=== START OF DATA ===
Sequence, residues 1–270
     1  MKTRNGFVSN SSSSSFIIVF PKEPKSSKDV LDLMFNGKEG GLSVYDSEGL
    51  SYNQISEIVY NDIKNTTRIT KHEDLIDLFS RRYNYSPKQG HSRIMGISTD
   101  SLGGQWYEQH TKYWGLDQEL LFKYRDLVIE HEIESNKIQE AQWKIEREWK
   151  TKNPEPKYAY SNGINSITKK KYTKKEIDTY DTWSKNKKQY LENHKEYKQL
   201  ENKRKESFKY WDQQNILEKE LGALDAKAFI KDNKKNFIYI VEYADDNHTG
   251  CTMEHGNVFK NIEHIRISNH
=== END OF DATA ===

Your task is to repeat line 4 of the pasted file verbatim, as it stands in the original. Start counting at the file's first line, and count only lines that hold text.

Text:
   101  SLGGQWYEQH TKYWGLDQEL LFKYRDLVIE HEIESNKIQE AQWKIEREWK